Whitemud Equine Centre occupies 48 acres on the south bank of Edmonton’s River Valley. Originally a farmstead owned by Dr. Frederick Keillor in 1917, the site has operated as an equestrian facility since 1959. The community facility provides Edmontonians access to a variety of equine experiences including the Little Bits Therapeutic Riding programs for persons with disabilities, lesson programs for all ages, equestrian competitions and events, City of Edmonton River Valley day camps and access to the river valley trail system. The new facility replaced an outdated facility that no longer met the needs of the users and did not have a high level of accessibility. Efforts were made to make the new facility accessible to everyone, from beginner to advanced riders, children to adults and those with physical or mental health issues.
Sherri Bessette has been a Care Manager at Laurier House since October 2016. She is the embodiment of the Alberta Health Services VISION of “person-centred care.” To Sherri, problems are properly perceived as challenges to an individual’s freedom, to be cheerfully overcome with ingenuity and flexibility. For persons with disabilities, this approach to any kind of difficulty completely erases the idea of disability. They are seen only as “persons.” Sherri sees any individual as one to be treated with respect and dignity. Equality of access to quality of life is her goal. Not only is Sherri extremely intelligent and perceptive, but she actually listens to and hears individual concerns, cares enough to promptly investigate various solutions, then balances the concerns of residents and staff within all relevant guidelines.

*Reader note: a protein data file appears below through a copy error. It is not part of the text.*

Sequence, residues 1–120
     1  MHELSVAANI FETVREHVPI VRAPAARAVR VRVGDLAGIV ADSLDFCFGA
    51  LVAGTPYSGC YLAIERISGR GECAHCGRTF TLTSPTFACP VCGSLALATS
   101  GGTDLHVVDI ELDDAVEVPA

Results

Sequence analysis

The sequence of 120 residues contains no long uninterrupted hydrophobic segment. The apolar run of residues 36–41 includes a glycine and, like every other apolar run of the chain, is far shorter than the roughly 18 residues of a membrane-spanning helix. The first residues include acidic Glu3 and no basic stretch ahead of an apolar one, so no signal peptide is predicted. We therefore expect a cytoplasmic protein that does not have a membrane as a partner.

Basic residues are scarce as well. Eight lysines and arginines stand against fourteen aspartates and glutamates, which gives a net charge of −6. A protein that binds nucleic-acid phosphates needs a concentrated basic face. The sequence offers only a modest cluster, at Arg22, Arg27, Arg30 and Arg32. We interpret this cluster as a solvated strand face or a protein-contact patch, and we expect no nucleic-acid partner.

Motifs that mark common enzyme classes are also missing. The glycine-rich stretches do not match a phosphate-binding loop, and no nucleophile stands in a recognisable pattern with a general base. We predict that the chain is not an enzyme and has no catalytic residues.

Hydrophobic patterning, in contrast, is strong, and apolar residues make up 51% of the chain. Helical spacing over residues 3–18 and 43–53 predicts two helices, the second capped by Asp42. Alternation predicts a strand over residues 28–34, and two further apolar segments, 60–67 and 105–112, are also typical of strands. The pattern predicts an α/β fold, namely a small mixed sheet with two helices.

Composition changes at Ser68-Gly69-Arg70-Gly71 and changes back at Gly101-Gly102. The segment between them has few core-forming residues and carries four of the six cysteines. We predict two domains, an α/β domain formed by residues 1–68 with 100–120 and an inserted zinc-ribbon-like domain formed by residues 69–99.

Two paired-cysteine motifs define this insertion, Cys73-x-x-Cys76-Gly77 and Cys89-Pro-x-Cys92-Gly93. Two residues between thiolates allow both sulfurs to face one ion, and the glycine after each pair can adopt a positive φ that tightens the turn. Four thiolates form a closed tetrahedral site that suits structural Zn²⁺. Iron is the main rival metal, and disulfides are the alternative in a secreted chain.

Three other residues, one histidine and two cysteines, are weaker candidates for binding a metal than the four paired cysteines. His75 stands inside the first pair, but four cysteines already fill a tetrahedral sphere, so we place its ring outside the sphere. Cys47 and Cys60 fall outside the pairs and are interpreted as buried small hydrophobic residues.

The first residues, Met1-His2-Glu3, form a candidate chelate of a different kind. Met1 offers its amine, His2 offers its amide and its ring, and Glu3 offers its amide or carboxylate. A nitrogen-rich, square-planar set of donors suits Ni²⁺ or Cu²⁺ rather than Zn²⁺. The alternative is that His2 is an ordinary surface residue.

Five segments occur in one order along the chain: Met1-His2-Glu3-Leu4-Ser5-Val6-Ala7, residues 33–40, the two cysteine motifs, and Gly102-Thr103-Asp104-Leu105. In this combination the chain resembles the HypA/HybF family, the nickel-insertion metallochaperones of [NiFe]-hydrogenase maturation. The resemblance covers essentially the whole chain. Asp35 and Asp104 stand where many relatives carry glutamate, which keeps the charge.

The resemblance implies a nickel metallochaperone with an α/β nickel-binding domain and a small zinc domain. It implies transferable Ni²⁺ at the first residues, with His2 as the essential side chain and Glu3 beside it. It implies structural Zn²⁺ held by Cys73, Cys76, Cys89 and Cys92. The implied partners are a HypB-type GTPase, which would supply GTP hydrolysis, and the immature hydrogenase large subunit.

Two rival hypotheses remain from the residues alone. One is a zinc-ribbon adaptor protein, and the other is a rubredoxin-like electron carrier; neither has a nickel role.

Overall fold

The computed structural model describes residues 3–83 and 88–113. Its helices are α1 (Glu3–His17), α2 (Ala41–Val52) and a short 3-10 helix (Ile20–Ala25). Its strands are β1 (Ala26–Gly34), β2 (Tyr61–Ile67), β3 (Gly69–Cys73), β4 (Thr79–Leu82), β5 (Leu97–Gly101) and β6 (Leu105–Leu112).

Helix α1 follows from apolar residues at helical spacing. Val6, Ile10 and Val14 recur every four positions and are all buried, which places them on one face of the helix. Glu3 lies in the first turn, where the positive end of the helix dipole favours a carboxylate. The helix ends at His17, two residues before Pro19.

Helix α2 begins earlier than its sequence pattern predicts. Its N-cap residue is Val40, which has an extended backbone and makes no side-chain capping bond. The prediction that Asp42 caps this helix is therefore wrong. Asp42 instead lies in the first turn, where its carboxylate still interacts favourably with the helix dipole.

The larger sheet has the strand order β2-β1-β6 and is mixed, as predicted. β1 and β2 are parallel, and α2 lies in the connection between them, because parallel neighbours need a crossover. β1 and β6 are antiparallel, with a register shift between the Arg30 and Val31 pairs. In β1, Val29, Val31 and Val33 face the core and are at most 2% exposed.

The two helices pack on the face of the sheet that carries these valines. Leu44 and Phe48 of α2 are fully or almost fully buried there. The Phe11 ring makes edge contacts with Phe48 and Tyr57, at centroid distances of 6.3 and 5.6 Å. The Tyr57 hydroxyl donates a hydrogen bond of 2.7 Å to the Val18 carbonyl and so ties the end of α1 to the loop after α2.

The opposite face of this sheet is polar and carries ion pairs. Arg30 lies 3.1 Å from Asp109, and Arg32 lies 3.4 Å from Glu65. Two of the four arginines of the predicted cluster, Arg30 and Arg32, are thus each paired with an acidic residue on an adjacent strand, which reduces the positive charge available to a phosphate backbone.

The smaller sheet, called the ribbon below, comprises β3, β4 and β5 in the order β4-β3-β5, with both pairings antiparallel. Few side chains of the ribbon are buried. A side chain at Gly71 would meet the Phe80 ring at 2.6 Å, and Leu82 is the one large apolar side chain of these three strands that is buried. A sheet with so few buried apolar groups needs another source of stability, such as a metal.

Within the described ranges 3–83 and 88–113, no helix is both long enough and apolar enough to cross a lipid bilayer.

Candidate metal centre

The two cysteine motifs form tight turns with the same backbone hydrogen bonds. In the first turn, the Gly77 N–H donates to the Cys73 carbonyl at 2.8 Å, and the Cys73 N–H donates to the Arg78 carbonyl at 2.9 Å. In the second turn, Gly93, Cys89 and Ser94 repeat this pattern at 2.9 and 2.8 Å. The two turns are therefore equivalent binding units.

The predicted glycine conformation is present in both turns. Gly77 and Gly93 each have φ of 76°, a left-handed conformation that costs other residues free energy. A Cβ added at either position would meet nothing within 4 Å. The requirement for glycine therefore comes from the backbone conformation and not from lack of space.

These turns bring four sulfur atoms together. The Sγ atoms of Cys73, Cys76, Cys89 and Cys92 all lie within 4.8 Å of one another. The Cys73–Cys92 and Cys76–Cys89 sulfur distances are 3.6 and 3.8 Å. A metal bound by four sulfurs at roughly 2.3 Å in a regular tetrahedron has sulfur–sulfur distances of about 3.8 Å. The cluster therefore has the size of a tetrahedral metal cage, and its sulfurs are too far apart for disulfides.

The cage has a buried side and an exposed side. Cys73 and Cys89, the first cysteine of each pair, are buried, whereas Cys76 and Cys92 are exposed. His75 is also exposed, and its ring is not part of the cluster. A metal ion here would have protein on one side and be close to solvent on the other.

Diane demonstrated leadership by advocating for persons with disabilities in the Edmonton area for the past 40 years through her employment and volunteer involvement. Throughout her life she lived with a neuromuscular disorder, and she used a power chair for mobility. Diane furthered her education by completing the Rehabilitation Practitioner program at MacEwan University, and later became a Life Skills Coach. Diane’s employment spanned more than twenty years at MacEwan University where she was as an instructor in two programs serving persons with disabilities. Diane was then employed with the Community Enrichment Program which was an independent living skills program for adults with a broad range of physically disabling conditions or brain injuries. Diane was also an advocate by being on the Board of Directors of the Handicapped Housing Society, as well as Paralympic Sports Association and the Boyle McCauley Health Centre. In the mid-90’s as Diane needed more personal support, she moved to Abby Road Housing Co-Operative. During Diane’s years living at Abby Road, Diane also coordinated placements with students of the Residential Aide Program at MacEwan to do practicum placements with individuals with disabilities.
Peter is the President of Run for Support and Health (RuSH), a charitable student organization at the University with an emphasis on rehabilitation, health and philanthropy. He is also a disability researcher, and has worked as an interventionist for the Centre for Autism Services Alberta. He has made a significant contribution to the community, for example, he has developed a novel community outreach program under RuSH at the University Infant Toddler Centre and other schools and daycare centres within Edmonton to implement the Physical Literacy for Active Youth (PLAY) program, which is a program to educate children about healthy activity, exercise, play and nutrition. Moreover, he has done independent research on the social model of disability. In addition, Peter has worked on a personal level with many children with disabilities working together to find better ways to cope and adapt to life with a disability.